In the case of a corporation, either the officer executing the assignment or an officer or person in control of the corporation, specified by the official receiver, shall perform all of the duties of a bankrupt as if that officer or person were the bankrupt.
Failure to do so will carry the same consequences as for an individual bankrupt.
The BIA imposes a minimum standard of conduct of all participants involved with a bankruptcy estate.
If the bankrupt is a corporation, every officer, director, or agent of the corporation who directed or authorized the commission of an offense is liable as if he or she had committed the offense personally.
The Act outlines various offenses for which criminal proceedings may be undertaken against a bankrupt, a trustee in bankruptcy, or other persons.
A bankrupt who commits any of these offenses may have his or her discharge refused, suspended, or granted conditionally. A bankrupt who fails without reasonable cause to do any of the things required of him or her is guilty of a bankruptcy offense.
A bankrupt is guilty of an offense where he or she:
* Makes a fraudulent disposition of his or her property before or after the date of the initial bankruptcy event;
* Refuses or neglects to answer fully or truthfully all proper questions put to him or her in an examination under the Act;
* Makes a false statement or knowingly makes a material omission in a statement or accounting;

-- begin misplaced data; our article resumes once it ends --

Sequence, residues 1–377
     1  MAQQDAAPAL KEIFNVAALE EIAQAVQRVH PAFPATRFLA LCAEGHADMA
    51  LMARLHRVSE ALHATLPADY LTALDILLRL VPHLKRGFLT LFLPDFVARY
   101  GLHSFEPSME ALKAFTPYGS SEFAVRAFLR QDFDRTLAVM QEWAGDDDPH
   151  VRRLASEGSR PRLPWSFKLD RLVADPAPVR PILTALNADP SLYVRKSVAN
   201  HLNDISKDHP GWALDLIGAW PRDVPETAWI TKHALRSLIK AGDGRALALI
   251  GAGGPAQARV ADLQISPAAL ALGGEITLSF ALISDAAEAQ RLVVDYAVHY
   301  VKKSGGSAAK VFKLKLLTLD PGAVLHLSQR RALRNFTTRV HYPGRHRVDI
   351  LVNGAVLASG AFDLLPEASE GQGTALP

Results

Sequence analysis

* After or within one year immediately preceding the date of the initial bankruptcy event, conceals, destroys, mutilates, falsifies, makes an omission in or disposes of or is privy to such acts, from books or documents affecting or relating to his property or affairs, unless the bankrupt can prove he or she had no intent to conceal the state of affairs;
* After or with one year immediately preceding the date of the initial bankruptcy event, obtains credit or any property by false representations made by him or her or made by any other person to the bankrupt’s knowledge;
* Within one year immediately preceding the date of the initial bankruptcy event, fraudulently conceals or removes any property of a value of $50 or more or any debt due to or from the bankrupt; or
* After or within one year immediately preceding the date of the initial bankruptcy event, pawns, pledges or disposes of any property that he or she has obtained on credit and has not paid for, unless in the case of a trader the pawning, pledging, or disposing is in the ordinary way of trade and unless in any case the bankrupt proves that he or she had no intent to defraud.
Further Offences Under The Act
The Act further provides that an undischarged bankrupt who engages in a trade or business or obtains credit for more than $500 without disclosing that he or she is an undischarged bankrupt is also guilty of an offense.
A person has also committed an offense where he or she has been bankrupt or has made a proposal in the past, and has not kept adequate records as defined in the Act in the period of two years before the initial bankruptcy event.
Bankrupts are rarely aware of these provisions and it is the duty of a trustee to advise a bankrupt of these provisions.
These offenses can be prosecuted in both bankruptcy court and criminal court as they are classified as criminal offenses. The prosecutions may also be brought after the bankrupt is discharged.